The overhaul of the state's mining regulations seems a foregone conclusion as legislation heads to the Assembly where the Republicans hold a 60-39 majority.
It's seemed that way since last year, when a mining bill was narrowly defeated, and since November, when the GOP won an 18-15 majority in the state Senate, thereby mitigating the effect of Sen. Dale Schultz, R-Richland Center, the one GOP who crossed over with his opposition to the bill.
During the debate, Republicans and business interests have supported the bill, saying it will provide jobs to an economically depressed area and help other businesses throughout the state. The Democrats and environmentalists have been against it, saying it will pollute air and water and have a negative effect on residents and the Bad River tribe downstream from the mine.
But there's another vocal minority upset with the way the bill has come about and what it means for future dealings with businesses.
Even after the bill's defeat a year ago and Gogebic Taconite's subsequent threat to pull out of Wisconsin, no one thought the battle was over. Republicans basically vowed to get a majority in the Senate that could push through the bill, which has changed only slightly from a year ago.
In the past we've been critical of crafting legislation around a single project. A mining bill must consider all future projects. Easing the permitting process for one company means they're eased for all companies.
And allowing a company to dictate its terms for doing business by regulations in Wisconsin makes it seems like the state is putting big business ahead of the welfare of our citizens. It's been reported that Gogebic Taconite called for modifications in the bill before it was even heard. For example, altering the recycling fee for waste rock from $7.03 per ton to 2.7 cents a ton benefits the mining company. That is estimated to cost the state's recycling and environmental programs $172 million a year.
"Our job is not to be Santa Claus to a mining company and then Scrooge to the taxpayers of Wisconsin," said Sen. Robert Jauch, D-Poplar, during debate on the mill Wednesday.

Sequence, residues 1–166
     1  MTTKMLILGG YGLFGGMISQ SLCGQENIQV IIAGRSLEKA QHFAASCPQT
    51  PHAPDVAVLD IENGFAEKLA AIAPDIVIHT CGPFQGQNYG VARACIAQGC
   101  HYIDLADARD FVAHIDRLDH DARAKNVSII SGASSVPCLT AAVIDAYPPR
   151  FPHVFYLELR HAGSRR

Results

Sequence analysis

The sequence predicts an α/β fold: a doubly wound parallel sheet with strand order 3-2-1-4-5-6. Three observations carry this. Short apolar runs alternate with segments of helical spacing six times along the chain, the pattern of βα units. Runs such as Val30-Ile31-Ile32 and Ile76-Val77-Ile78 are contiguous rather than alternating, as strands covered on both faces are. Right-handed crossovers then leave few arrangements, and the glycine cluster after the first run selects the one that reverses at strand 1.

The state should have had the upper hand in the mining bill negotiations. The natural resource that's being sought, iron ore, has been here forever and isn't going anywhere. Neither is the mining company, despite its bluster, because this is where the minerals are.
What happened with the mining bill also sets a bad precedent for other business dealings in Wisconsin. What happens when the next industry wants to locate or invest in Wisconsin? "We need to create jobs, but we have to make sure the employers coming in know that they are joining our state, and there are other companies here that depend on those resources." said Jennifer Giegerich, legislative director for the Wisconsin League of Conservation Voters. Those other companies include ones from the agriculture, tourism and the paper industries.
We agree with some of the stipulations of the bill, such as giving the state Department of Natural Resources a deadline in which to issue a decision. An open-ended decision-making process ensures delays of years.
But others we disagree with, such as the presumption that any damage to wetlands is necessary. That sort of blank check shouldn't happen.
The prospect of mining jobs and its impact on a job-starved northern Wisconsin can't be ignored, nor should it. But the environmental impact mine can't be ignored, either.
Writing a bill that takes both sides into account, not just the pro-business side, would have been a preferable outcome. Ultimately, though, it should be state dictating the terms of regulations, not a company standing to benefit from any changes to the regulations.